THE RETURN OF THE JEDI

If The Empire Strikes Back is a repudiation of the Force, then Return of the Jedi is a calm acceptance of the Force.  Han doubts Luke’s abilities (“you’re going to die here, you know,” as he tells Luke when the are on Jabba’s barge on the way to the Sarlacc pit.  Luke calmly tells Vader “that my father is truly dead,” when Vader prepares to bring him before the Emperor.  Even at the end, when the Emperor goads Luke to take up the Lightsaber and he has to fight Vader, he is able to stop himself before he becomes like Vader.  Even the resolution of the story rests, not on a massive fight scene to the death, but a son’s belief that there is still a good man wrapped in the evil shell that is Vader.  Luke’s agency in that scene is that he trusts in his intuition and insight into his father’s character.  Without that trust, without having faith and accepting the Force, even when it seems contrary to what is happening in the physical world, Luke would not have succeeded.

IMPLICATIONS FROM MY WRITING

This is something that I need to remember for my own writing.  The rejection letter came from the first market on Wed. (10/19).  Add to the fact that I was sick with a sinus infection or something, and it really seemed like hopeless.  After reflecting on the movie, I just have try and believe–even when it seems hopeless.  I just sent the story to a 2nd market today and I have a 3rd market ready to go should it also quickly come back this week.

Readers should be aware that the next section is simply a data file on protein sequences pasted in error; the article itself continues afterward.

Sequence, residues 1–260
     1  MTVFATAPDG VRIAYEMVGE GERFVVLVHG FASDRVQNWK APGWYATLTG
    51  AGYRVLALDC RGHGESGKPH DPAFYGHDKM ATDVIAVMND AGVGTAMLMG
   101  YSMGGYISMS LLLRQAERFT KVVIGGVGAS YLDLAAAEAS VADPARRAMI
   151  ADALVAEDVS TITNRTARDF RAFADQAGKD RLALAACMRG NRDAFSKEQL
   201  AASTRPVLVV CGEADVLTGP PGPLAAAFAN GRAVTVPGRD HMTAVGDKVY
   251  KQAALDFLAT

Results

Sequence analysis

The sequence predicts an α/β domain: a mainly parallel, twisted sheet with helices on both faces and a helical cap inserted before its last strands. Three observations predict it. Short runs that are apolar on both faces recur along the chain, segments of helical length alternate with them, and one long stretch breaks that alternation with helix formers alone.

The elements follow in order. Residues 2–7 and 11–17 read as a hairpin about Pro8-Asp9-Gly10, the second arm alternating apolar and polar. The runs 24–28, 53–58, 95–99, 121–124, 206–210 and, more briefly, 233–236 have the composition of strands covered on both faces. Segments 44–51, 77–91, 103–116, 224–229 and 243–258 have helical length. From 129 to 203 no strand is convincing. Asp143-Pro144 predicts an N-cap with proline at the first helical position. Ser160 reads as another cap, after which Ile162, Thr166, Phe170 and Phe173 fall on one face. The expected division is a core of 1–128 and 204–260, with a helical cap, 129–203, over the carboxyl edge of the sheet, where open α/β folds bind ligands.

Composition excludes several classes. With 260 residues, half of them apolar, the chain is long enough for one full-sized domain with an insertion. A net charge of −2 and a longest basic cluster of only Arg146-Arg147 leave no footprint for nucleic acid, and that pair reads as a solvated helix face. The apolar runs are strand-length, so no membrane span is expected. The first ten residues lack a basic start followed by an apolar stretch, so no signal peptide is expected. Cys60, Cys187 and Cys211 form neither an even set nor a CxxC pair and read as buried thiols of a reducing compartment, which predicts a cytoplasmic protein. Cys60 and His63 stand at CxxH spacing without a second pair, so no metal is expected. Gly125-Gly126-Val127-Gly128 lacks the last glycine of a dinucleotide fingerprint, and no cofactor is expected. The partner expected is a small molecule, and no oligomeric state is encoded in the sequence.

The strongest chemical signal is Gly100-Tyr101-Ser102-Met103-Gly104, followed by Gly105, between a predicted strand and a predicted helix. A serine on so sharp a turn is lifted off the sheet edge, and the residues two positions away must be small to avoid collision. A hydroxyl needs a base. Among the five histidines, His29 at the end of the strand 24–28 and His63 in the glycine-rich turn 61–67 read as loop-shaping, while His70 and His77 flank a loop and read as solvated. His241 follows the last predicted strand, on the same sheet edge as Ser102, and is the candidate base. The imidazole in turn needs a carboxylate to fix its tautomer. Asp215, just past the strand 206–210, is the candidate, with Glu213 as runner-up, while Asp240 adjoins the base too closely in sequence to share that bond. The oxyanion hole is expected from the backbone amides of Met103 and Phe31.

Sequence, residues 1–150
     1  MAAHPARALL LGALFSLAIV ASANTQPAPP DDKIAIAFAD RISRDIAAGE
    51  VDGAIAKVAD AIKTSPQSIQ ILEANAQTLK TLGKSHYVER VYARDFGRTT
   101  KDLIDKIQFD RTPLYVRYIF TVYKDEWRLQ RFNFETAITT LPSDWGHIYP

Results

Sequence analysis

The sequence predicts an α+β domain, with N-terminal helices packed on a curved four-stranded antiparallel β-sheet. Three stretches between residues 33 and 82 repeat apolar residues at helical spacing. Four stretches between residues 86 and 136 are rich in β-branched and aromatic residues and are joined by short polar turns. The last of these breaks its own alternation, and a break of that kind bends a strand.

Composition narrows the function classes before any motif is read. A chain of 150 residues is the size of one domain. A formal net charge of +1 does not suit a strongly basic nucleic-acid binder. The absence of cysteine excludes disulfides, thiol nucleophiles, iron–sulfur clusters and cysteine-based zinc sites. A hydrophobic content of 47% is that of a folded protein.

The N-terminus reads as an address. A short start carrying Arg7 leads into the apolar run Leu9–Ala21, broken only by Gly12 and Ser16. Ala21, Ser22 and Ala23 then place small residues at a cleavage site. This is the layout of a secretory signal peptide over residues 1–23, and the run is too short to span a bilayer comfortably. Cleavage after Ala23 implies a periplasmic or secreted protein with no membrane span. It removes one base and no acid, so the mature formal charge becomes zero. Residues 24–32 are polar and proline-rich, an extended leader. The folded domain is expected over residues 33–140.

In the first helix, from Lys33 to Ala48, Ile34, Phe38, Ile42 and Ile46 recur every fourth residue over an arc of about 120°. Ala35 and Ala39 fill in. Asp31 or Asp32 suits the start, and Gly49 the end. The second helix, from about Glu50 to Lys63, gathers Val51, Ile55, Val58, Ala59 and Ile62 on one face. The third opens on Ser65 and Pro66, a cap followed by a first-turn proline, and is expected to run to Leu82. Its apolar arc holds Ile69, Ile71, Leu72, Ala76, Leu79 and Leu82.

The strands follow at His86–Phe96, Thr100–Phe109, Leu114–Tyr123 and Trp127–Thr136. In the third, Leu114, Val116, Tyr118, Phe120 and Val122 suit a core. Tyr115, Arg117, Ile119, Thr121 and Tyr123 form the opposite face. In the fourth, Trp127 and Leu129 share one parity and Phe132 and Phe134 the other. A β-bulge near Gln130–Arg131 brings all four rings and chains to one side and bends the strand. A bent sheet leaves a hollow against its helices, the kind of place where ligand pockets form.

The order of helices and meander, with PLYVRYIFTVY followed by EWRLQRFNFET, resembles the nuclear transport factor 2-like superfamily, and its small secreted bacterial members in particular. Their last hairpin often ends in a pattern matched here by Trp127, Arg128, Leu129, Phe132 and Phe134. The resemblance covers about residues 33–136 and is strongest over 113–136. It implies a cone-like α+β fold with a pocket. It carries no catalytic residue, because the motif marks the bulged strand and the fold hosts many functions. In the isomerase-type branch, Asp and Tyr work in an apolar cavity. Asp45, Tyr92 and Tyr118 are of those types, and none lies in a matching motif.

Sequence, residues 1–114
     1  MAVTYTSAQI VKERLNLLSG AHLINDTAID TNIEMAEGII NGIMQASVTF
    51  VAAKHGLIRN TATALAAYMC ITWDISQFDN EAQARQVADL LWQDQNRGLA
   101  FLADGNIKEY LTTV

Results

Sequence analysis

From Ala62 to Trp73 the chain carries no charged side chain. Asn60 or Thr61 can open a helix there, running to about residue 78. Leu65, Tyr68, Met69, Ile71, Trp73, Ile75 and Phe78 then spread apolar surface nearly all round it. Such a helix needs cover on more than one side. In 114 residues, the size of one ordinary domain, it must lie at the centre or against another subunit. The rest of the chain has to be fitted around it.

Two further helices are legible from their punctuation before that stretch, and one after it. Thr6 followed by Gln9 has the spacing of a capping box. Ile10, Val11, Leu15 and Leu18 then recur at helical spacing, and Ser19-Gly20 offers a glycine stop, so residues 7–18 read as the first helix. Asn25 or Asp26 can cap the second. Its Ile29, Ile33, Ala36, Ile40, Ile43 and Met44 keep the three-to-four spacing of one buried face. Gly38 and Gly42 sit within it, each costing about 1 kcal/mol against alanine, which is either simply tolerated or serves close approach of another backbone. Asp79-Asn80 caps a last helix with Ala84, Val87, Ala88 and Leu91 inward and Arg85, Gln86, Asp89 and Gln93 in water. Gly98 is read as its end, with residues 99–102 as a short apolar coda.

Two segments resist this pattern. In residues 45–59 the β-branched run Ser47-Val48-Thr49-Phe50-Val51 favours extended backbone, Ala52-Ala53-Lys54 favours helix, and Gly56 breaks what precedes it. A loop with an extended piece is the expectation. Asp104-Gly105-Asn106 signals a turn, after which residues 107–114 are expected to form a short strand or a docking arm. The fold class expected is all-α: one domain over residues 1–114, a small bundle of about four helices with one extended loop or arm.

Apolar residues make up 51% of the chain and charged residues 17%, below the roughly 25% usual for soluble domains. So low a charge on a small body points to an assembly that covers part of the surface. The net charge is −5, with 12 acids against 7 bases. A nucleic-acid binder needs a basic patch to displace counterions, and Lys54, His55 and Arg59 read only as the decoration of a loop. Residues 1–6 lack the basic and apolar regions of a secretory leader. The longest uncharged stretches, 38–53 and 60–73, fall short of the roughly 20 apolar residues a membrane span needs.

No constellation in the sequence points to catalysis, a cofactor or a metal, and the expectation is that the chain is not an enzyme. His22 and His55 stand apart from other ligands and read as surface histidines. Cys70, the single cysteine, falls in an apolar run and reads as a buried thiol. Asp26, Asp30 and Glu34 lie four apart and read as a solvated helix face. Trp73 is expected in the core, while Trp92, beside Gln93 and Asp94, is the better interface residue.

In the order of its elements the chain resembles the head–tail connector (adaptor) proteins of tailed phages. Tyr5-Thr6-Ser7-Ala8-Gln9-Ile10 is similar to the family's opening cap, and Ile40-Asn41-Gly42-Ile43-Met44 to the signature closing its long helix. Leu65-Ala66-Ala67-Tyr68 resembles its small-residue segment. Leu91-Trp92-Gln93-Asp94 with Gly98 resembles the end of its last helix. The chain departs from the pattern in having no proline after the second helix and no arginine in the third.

I really believe that Silence Will Fall is one of my best stories and that eventually it will find a home.  I just have to my part and keep sending it out until it does.

May the Force Be With You, Always.

250 Words = 1 Typed Page

how-to-write-and-sell

This blog post is a little late this week (blame Fall Break as I’m trying to catch up with the myriad of things that I’ve gotten behind on) and this will be a shorter post.  I found the above book at a local used book store for about a dollar.  I’ve actually read this book before in the 90’s (?) at my local library, but they’ve long since “weeded” it from the collection.

250 WORDS = MANAGEABLE GOAL

I was reading an essay from one of the contributors and the author suggested writing 750 words per day.  Well, really the author suggested writing 3 typed pages per day, but (if you use a standard font like Courier) you’ll find that you average about 250 words per page.  This is pretty much considered standard, so 3 typed pages equals 250 * 3 = 750 words.  According to the author, if you do this consistently and diligently, you will end up with a novel length manuscript in about 90 days (3 months).  This seemed reasonable and I thought I’d give this a try last night as I am (as mentioned above) on Fall Break.

I managed 405 words in a little over an hour and a half.  Now, in my defense, I was working on a short-story that I hadn’t done any of the “Pre-Writing” that helps me, but that I haven’t been doing consistently (I did it for Dragonhawk and Here Be Monsters, but not for Ship of Shadows or Silence Will Fall, for instance).

After this experiment I want to do 2 things: 1) do my “Pre-Writing” for the story and 2) drop my target goal to 250 words a day (1 typed page).  As I seem to be locking in at about 4,000 words or so dropping down to 3 scenes instead of 5, it should take about 20 days to draft out a story (or 1 a month which has been a goal of mine for a long time).  250 words seems manageable to me based on my time and I know that I’m not going to be able to write consistently everyday–although I’m going to try for at least 4 days a week.